I also saw how the various manifestations of left-wing extremism, including the BLM organization and the campus cultural warriors, tried to push racial divisiveness, cancel culture, gender-craziness, wokespeak, and even Islamization onto Americans, many of whom find the whole package beyond abhorrent. I saw the violence and destructiveness of the riots and looting associated with BLM demonstrations, and the coercive behavior of BLM supporters. I saw how the Left denigrated the traditional American ideals of meritocracy, equality of opportunity, and free expression, in favor of identity politics. And I very definitely saw that the Left took anti-Israel positions even more extreme than those of Obama’s administration.

Trump opposed all this.

I wasn’t blind to Trump’s narcissism, his dishonesty, or his vindictiveness. But the Democratic Party today is more and more influenced by those who stand for the program of the extreme Left, and I saw – and still see – those ideas as far more dangerous for America and for Israel than Trump’s personal deficiencies.

On Wednesday, 6 January, pro-Trump demonstrators broke into the Capitol, in an attempt to stop the Congress from certifying the election of Joe Biden. I don’t need to describe the events, except to say that the emotional impact on Americans and others – I can testify to that here in Israel – was enormous. Although the incident was objectively no more violent than some of this summer’s BLM activities, the symbolic significance of it can’t be minimized. It represented a violent attempt to interfere with the orderly transfer of power after a presidential election. As far as I know, this had never happened before in US history.

In the weeks between the election and 6 January, and in the rally before the break-in and his video tweet several hours later, Trump emphasized his belief that the election had been stolen. The implication was clear: they broke the law, he was the true heir apparent, and if it takes extra-constitutional actions to reverse this injustice, they are fully justified. And on 6 January, some of his supporters acted, though it should have been clear to them that they had no chance of success. Indeed their actions destroyed any credibility remaining to Trump and his movement.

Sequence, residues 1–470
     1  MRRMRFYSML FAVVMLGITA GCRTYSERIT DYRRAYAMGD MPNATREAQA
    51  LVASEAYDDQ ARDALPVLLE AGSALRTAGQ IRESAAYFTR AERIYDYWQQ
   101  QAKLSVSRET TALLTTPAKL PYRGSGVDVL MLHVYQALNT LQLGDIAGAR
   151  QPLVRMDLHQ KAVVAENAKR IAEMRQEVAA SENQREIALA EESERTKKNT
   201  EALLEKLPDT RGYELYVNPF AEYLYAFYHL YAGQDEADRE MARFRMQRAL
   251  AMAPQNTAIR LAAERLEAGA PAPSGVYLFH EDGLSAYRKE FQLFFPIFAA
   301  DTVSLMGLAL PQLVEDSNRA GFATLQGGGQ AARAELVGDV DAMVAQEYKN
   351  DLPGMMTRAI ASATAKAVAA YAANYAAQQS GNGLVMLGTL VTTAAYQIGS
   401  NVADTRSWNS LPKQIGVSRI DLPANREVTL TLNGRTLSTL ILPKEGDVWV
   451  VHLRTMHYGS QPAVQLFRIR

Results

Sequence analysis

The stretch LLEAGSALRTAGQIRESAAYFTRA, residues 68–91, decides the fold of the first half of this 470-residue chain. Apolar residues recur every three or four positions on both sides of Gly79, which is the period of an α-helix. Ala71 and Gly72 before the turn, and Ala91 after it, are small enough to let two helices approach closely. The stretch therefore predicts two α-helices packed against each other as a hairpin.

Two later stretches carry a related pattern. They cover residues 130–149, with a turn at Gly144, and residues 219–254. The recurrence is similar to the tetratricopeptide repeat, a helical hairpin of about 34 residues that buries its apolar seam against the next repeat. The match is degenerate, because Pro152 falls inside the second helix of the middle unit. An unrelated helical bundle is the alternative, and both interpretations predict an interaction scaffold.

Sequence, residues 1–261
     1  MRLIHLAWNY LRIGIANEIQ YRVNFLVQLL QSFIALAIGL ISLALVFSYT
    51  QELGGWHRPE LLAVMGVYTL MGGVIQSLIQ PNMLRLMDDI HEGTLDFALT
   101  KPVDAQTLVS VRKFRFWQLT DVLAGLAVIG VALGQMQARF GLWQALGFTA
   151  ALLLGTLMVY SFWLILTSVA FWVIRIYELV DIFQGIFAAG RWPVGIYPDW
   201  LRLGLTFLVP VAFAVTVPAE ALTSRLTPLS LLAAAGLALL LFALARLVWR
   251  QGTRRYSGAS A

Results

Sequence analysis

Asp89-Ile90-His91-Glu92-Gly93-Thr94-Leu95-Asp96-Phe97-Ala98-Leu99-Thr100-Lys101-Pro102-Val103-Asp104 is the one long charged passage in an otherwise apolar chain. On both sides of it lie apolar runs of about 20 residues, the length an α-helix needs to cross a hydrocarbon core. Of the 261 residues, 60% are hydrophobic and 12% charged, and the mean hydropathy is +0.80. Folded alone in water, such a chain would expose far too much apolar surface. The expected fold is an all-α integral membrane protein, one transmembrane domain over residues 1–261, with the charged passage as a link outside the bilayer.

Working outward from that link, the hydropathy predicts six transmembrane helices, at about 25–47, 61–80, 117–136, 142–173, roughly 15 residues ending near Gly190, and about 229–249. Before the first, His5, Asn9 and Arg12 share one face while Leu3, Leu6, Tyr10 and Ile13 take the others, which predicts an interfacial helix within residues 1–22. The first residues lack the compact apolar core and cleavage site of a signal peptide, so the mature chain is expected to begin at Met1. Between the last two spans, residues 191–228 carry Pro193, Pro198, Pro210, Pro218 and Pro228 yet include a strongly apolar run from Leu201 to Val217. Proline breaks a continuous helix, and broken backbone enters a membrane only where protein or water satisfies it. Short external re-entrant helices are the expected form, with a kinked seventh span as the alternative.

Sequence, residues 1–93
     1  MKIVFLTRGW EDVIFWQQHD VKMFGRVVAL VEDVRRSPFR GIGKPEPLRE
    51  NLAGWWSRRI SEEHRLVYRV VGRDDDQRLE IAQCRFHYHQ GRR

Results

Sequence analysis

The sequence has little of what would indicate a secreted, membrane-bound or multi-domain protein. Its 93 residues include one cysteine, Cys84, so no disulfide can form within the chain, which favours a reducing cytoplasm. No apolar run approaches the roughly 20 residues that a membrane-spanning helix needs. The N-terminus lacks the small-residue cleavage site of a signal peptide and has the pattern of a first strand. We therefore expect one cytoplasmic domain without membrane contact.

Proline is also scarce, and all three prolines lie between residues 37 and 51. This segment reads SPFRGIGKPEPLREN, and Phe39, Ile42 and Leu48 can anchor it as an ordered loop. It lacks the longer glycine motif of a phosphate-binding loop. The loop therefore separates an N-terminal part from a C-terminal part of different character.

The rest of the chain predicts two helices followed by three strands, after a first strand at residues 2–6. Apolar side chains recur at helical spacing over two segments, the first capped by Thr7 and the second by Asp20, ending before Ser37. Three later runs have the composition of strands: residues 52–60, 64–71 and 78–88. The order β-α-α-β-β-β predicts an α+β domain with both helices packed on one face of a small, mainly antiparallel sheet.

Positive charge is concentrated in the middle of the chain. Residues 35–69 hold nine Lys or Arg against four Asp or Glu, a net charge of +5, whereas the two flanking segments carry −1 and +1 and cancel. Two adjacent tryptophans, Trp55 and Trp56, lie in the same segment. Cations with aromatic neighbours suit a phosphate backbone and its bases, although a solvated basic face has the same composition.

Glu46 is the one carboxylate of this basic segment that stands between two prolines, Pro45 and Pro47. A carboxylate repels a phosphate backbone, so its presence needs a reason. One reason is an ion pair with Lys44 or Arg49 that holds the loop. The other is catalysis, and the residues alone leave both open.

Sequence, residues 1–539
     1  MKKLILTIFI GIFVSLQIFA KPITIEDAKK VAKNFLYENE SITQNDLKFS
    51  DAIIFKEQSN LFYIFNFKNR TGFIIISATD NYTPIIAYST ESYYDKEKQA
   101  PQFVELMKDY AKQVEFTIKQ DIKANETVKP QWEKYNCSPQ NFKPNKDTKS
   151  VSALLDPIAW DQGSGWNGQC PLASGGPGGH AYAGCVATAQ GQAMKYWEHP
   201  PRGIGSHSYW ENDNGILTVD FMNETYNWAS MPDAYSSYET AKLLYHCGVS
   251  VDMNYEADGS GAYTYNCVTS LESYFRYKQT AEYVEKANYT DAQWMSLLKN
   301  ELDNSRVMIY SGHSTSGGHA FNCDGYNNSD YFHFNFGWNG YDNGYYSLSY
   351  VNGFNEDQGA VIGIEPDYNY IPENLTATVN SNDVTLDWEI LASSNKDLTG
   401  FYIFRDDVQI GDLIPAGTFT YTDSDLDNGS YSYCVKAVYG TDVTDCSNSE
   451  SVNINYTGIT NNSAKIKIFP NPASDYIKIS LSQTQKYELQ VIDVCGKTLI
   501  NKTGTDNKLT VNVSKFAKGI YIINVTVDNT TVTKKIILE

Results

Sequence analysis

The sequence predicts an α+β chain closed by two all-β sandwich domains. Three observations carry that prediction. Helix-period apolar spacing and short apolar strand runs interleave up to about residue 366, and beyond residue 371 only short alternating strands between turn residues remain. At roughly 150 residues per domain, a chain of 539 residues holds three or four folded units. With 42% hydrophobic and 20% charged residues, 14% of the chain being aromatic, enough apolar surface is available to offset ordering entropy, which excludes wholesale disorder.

There is a theory that the whole thing was a setup and the ones who invaded the Capitol were Antifa provocateurs. Why, it’s asked, would Trump incite actions that would be so damaging to himself? There may indeed have been a few provocateurs among those that entered the building, and I certainly didn’t hear Trump order anyone to attack the Capitol. But there is no doubt that his words were highly inflammatory. And he may not have considered carefully enough the consequences of inflaming a mob.

Trump’s actions and utterances since the election have come from that part of his personality that is the least attractive, and in a national leader, the most dangerous. Despite his positive accomplishments – and there are more of them than just his Middle East policies – I must condemn him for his behavior after the election. What was done to Trump by the Democratic media was unfair, even vicious. But his response was to throw a bomb at the US Constitution.

This breaks my heart, because – from a purely ideological standpoint – Trump represents American values far more than his opponents on the left. Ironically, he stands for the values of Martin Luther King Jr. far more than does BLM, which only wants to change the color of the oppressors.

Was the election fair? I have no idea, and in my opinion the truth in this matter has been so obscured by disinformation from both sides and from psychological warfare waged against the US by her enemies, that it is impossible to say. But there is a point at which Trump ought to have realized that whether he lost fairly or unfairly, he lost. And for the sake of the Constitution, his reputation, and those of his party and his country, he should have stepped aside, perhaps to fight again another day.